Action, Emotion, and Will

Action, Emotion, and Will

Action, Emotion, and Will

Action, Emotion, and Will

Synopsis

Action, Emotion and Will was first published in 1963, when it was one of the first books to provoke serious interest in the emotions and philosophy of human action. Almost forty years on, Anthony Kenny's account of action and emotion is still essential reading for anyone interested in these topics.The first part of the book takes an historical look at the emotions in the work of Descartes, Locke and particularly Hume. In the second part, Kenny moves on to discuss some of the experimental work on the emotions by 20th Century psychologists like William James. Separate chapters cover feelings, motives, desire and pleasure. This edition features a brand new preface by the author.

Excerpt

The reissue of Action, Emotion and Will forty years after its first publication provides an opportunity for me to reflect on its origin, its content, and its influence.

The book was conceived when I was a graduate student in philosophy at Oxford during the years 1957–9. I was then a Roman Catholic priest of the archdiocese of Liverpool, and I was sent to Oxford by my Archbishop to complete a doctoral thesis on the philosophical analysis of religious language that I had commenced at the Gregorian University in Rome. After I had started work in Oxford the archdiocesan authorities discovered that if I became a full student of the University, rather than a visitor from an overseas institution, I would qualify for a grant from my local authority, and thus relieve the church of considerable expense. Accordingly, I was encouraged to enrol to write a dissertation for a second doctorate, and I began to look about for a suitable topic.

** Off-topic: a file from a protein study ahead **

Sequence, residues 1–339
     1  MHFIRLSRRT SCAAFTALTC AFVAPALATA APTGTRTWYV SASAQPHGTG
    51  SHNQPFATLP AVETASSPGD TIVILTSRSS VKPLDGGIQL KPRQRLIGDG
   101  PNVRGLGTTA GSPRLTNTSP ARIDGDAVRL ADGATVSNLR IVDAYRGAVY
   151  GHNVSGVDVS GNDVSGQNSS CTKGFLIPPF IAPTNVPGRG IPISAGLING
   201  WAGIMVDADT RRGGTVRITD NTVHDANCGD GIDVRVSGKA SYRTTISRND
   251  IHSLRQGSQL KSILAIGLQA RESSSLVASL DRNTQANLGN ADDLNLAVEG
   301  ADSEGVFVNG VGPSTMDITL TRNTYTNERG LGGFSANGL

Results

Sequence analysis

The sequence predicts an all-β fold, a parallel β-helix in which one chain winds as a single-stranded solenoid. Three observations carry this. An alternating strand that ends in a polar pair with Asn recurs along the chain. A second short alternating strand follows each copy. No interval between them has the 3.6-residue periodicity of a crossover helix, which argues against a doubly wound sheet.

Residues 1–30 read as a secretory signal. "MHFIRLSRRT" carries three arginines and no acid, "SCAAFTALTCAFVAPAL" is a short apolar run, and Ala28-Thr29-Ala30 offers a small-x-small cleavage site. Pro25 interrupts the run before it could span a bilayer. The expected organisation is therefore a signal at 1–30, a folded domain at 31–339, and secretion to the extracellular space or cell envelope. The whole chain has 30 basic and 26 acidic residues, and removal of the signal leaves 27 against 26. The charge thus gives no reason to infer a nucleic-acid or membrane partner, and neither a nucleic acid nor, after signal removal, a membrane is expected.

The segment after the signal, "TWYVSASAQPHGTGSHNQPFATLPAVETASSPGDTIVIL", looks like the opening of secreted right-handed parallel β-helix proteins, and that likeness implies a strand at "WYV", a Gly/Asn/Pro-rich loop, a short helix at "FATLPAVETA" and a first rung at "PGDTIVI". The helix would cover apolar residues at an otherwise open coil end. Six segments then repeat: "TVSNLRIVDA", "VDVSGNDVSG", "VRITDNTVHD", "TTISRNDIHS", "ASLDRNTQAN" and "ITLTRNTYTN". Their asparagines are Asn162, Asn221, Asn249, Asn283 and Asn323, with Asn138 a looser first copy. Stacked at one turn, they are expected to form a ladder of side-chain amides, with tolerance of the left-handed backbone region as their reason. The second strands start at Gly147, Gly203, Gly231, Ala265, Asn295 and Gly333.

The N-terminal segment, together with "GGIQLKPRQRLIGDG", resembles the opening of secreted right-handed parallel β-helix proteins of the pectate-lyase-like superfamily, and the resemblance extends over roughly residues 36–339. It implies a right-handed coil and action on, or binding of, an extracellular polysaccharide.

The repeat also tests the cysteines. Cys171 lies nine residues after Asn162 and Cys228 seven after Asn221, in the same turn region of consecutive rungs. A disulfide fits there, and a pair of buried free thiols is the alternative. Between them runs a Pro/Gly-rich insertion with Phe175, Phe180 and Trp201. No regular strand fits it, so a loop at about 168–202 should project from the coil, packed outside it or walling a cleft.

I was very fortunate to be befriended in Oxford by Elizabeth Anscombe, an associate of the recently dead Wittgenstein, and herself one of the most distinguished philosophers of the age. On her advice, I decided to write my thesis on the intentionality of psychological verbs. The topic was approved by the philosophy sub-faculty, and I was assigned Antony Quinton as my supervisor—the beginning of a lifelong friendship. Anscombe gave me access to appropriate unpublished papers of Wittgenstein, and Quinton was a wonderful guide to contemporary philosophical literature. I learnt much about philosophy during my two years as a resident graduate student, and I successfully completed my thesis on religious language for the Gregorian. But I left Oxford with very little of my intentionality dissertation written.

For the next two years I was a curate in a depressed area of Liverpool, and the dissertation thesis had to be written in the periods left free by parish work. This was not always easy, though to be honest I had to admit that as a part-time philosopher in Liverpool I was not very much more distracted from . . .

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